Behind the Cup: a Coffee Journey to Origin

Will Harrington, barista, roaster, and coffee aficionado, takes you through his experience of spending eight weeks exploring the beginnings of the coffee journey.

Living in producing countries… 

After working with speciality coffee for the past 5 years, my interest and attention turned to what was happening at origin. Now as a barista and roaster involved in the developing UK scene I hear and read about the development and happenings in countries producing green beans. There's no doubt that information on coffee production has become more accessible over the last decade and now we’re starting to work more closely with producers at origin. However, you could sit in a coffee shop reading all you want about this, trying to learn as much as you can but nothing beats learning better than being there and experiencing it. 

With this in mind, I booked a one-way flight to Colombia with the aim of meeting, networking, experiencing, listening, and volunteering with as many producers as possible. Hearing about producers' backgrounds, how their business and industry has changed over previous decades, and how they see the future of speciality coffee production in their country. This approach to the journey was open and deductive. Fast forward 6 months and I’d travelled over 2000 miles, stepped foot in eight producing countries, met over 50 producers, learnt endless information about coffee agronomy and botany, spent eight weeks living life as a producer, and tasted and experienced some of the best coffee’s in the world. 

So, what information can I share with you from this journey? Here are some coffee highlights…

  • Seeing your first coffee tree is an experience that you’ll never forget  

We’ve all seen pictures and talked about coffee farms and trees. But when you set foot on a farm it's the best feeling ever, seeing the roots of your passion. A sea of lush green, a humid but pleasant feel in the air, the smell of sweet coffee cherries, the sound of happiness from nature, and the feeling of being part of a truly special ecosystem. 

  • The speciality coffee shop scene in producing countries is both engaging and expanding

It's true that most speciality coffee from producing countries is exported. However, speciality culture is growing, and, with this expansion, there are some amazing speciality concept stores appearing. For example, in Manizales, the capital of the coffee triangle in Colombia, I stumbled across a shop called Speciality Boutique Coffee owned by the Restrepo’s. Here I had THE best coffee experience of my life. The reason: these shops only use coffee from their country giving them a huge amount of knowledge on the product they serve. They have relationships with the producers, they know the agronomical differences between regions, and how the influences flavour in the cup; all of this amounts to a huge level of passion and pride that goes into each cup, which is shown in the service and attention to detail.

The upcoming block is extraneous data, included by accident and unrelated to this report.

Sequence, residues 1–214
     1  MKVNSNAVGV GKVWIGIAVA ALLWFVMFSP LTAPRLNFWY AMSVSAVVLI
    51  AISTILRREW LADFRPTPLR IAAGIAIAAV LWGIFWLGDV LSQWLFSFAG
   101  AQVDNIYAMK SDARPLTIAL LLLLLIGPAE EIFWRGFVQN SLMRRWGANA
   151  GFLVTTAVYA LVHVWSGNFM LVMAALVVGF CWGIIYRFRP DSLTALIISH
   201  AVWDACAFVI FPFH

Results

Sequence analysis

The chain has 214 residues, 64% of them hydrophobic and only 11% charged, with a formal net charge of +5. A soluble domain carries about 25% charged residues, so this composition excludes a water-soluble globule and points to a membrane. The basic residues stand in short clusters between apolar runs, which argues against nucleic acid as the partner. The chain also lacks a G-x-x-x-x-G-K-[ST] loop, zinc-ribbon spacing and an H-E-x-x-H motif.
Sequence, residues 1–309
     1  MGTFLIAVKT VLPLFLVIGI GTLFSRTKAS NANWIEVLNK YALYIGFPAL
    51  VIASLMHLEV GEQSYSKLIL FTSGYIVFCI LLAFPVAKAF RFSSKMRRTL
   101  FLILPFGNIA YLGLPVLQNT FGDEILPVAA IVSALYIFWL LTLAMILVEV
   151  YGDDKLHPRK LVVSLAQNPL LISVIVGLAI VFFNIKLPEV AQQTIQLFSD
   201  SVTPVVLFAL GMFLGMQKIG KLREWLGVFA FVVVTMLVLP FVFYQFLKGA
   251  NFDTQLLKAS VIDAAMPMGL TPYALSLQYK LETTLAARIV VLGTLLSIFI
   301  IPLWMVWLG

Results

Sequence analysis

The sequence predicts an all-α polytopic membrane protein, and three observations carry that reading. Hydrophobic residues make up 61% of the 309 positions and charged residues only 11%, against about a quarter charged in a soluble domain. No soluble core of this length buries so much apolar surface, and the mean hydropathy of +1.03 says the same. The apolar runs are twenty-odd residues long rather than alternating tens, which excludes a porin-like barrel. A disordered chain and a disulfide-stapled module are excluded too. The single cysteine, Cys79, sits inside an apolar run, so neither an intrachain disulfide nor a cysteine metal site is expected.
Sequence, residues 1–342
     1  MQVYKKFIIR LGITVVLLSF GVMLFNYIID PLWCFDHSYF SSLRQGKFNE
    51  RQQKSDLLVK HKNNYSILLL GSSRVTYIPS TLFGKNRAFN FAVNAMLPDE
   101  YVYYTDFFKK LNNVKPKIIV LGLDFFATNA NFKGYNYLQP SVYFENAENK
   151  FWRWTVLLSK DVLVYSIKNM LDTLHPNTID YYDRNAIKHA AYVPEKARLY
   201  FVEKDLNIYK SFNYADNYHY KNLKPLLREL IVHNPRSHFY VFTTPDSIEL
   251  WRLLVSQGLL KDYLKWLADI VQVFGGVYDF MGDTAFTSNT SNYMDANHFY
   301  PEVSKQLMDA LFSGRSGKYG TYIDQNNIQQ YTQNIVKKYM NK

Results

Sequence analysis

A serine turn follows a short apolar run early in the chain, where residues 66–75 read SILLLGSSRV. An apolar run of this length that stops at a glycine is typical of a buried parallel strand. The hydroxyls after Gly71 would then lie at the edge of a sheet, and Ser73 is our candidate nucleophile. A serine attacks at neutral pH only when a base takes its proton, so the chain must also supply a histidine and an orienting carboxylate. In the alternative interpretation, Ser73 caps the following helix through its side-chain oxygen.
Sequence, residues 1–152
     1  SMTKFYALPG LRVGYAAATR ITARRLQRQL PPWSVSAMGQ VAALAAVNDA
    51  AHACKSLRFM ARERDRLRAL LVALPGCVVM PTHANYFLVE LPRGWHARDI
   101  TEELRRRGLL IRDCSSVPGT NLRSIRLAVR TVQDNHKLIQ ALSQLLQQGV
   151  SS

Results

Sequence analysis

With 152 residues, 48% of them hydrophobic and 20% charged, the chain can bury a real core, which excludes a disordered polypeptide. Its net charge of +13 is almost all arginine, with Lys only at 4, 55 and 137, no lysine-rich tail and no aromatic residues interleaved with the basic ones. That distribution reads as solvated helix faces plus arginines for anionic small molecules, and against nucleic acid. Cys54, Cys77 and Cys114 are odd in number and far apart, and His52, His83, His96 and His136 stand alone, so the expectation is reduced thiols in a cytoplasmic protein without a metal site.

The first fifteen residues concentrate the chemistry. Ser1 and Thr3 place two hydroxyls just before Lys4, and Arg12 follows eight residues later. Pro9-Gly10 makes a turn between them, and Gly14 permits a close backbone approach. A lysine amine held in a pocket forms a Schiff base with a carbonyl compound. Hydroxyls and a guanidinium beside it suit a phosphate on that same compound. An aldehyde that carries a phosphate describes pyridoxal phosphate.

• Speciality coffee production is extremely labour intensive 

All coffee starts on the same journey, human intervention is what decides how this coffee will turn out. Before visiting origin, I thought that there were ‘speciality’ farms and ‘commodity’ farms. But quality ultimately comes down to human intervention. By this, I mean soil nutrient maintenance, shade tree coverage, picking ripeness, time between picking and processing, attention to processing, and intensive sorting and screening.

 

  • We’re starting to see the speciality of speciality but how accessible is it?

I spent time with some aspirational producers. These producers are pushing the boundaries of flavour development through - their model of business - processing, concentrating on the addition of acids during fermentation, only employing full time workers and educating them to ensure quality control practises are maintained at all times, controlling external factors during drying which include the use of UV filtering canopies, air conditioning, and de-humidifiers. After cupping the end product there is no doubt that these methods improve cup quality. However, expectedly, this comes at a cost leaving the accessibilities of roasting and serving this coffee restrained. 

Why you should visit origin…

This coffee journey has opened endless opportunities for the future. I encourage any barista or roaster with a serious interest in life at origin to go for it, embrace it, and learn from as many of these people as possible. 

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